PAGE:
Friday, November 6, 2009

Communism is a Condo Association

Condo Construction Boom Continues In Chicago

People sometimes say that the Soviets didn’t practice real socialism. If they had stuck to the Marxist script, Russians would have prospered, both economically and culturally. The theory seems plausible, right up until the moment that you buy a condominium and enter into a miniature socialist state known as a condo association. When you’re a unit owner, you depend on the good will of others; you depend on collaboration and cooperation with neighbors. The result, as everybody knows, is anxiety, resentment, and a sort of arms race to see who can exploit his or her neighbors the most.

Those who care the most about the common good, suffer most and are soon disillusioned, sometimes becoming the most embittered and asocial members of the entire collective. Living in a condo association is an exercise in game theory: how much can you get away with before you create a violent backlash from others that undermines the gains you have made by not contributing to the common maintenance of the property or the work of the board. Meetings are also redolent of the theoretical communist state. They are long, boring, and ineffectual. People whine; nothing gets done. Members have their own agendas. Generally speaking, there is little concern for the common cause. If the roof is leaking, only those on the top floor of a building are interested in taking action. If one half of a building loses power, the rest of the building isn’t in a hurry to resolve the problem.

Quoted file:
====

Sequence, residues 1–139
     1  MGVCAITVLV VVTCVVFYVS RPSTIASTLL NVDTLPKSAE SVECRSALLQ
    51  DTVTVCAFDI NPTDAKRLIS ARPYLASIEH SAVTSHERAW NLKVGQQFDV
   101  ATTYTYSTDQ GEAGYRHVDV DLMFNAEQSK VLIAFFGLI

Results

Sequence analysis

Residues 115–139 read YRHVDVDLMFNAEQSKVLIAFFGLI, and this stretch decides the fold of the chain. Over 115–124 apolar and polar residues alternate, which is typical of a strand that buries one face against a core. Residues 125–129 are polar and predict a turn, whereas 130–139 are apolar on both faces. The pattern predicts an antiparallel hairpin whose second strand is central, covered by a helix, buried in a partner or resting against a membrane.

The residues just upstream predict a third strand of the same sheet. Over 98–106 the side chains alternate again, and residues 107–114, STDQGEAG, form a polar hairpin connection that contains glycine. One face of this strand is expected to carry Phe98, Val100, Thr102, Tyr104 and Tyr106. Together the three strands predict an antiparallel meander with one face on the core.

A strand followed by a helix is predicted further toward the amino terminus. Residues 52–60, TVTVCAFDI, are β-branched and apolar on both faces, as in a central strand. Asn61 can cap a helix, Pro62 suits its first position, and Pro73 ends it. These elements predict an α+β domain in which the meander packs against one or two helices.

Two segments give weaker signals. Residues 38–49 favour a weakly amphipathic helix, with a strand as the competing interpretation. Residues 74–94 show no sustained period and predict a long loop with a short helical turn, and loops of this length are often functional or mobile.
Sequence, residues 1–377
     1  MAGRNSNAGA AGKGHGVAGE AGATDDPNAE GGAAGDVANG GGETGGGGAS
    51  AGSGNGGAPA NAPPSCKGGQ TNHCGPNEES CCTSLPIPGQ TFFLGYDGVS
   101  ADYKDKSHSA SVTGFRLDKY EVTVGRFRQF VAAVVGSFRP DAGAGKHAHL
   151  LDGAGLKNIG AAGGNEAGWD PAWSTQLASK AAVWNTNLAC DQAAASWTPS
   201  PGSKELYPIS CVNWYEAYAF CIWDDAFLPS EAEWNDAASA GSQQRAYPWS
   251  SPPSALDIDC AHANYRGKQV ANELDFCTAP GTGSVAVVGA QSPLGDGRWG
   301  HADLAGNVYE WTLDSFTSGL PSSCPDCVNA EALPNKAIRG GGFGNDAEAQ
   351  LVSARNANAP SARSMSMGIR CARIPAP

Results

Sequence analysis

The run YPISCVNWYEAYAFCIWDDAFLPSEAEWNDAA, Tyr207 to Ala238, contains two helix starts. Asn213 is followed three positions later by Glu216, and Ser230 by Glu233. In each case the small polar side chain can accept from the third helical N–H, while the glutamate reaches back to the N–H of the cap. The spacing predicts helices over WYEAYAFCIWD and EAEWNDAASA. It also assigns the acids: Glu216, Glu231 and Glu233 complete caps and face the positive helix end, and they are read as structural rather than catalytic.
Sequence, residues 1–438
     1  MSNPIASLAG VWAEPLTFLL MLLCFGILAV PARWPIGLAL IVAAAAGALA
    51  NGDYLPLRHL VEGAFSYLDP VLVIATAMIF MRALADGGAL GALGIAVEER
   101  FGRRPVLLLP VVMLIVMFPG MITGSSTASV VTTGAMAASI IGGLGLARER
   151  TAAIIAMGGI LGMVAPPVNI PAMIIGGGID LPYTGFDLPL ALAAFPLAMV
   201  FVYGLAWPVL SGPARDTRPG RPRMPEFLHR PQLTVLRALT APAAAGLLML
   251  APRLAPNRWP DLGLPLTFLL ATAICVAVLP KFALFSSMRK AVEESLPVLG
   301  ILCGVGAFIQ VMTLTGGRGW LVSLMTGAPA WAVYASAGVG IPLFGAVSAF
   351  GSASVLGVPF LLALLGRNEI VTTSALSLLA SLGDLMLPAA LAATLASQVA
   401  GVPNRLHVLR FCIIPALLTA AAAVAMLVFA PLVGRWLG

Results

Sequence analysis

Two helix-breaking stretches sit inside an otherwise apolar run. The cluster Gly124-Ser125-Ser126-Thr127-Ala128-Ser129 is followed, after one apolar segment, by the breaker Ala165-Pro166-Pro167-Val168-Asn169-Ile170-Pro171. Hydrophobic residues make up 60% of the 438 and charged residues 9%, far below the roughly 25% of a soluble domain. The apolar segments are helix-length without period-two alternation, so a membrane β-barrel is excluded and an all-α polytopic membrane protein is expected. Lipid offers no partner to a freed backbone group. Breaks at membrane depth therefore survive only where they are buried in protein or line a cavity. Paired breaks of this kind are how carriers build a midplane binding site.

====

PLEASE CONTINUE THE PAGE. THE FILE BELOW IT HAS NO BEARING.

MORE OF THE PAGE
The real Soviet state was a strange mixture of extreme coercion, super-bureaucracy, slow motion suffering, and selfishness. If you’ve been to a condo association meeting, you’re likely to understand what that’s like. You know that the board has coercive power. Whether you’re broke or not, the board can decide to create a special assessment to install new stained glass windows in the hallway, build a brand new swimming pool in the common area, or raise a statue of Lenin in the courtyard. You know that the board is corrupt: It will help you, only if you’ve done something specific to help its officers attain their own personal goals.

The power to resist the board’s decision is generally limited, but can increase in inverse proportion to the size of a property. In smaller associations, an owner can effectively nullify the board’s decision since the board can’t always afford to take legal action to enforce its will. Moreover, an individual unit owner can retaliate against a decision by leaving trash in the hallway, holding raucous all-night parties, or turning up the volume on the television to make life unbearable for other owners.

In the end, most associations bring everybody down to the lowest common denominator. It’s not worth investing too much in the place, because your share of the property is only worth as much as your worst neighbor. On the other hand, condo living is a social experience. You meet people, you interact, you maintain a social existence—until you pack it in, cut off contact with any form of community, and move to the suburbs in disgust.

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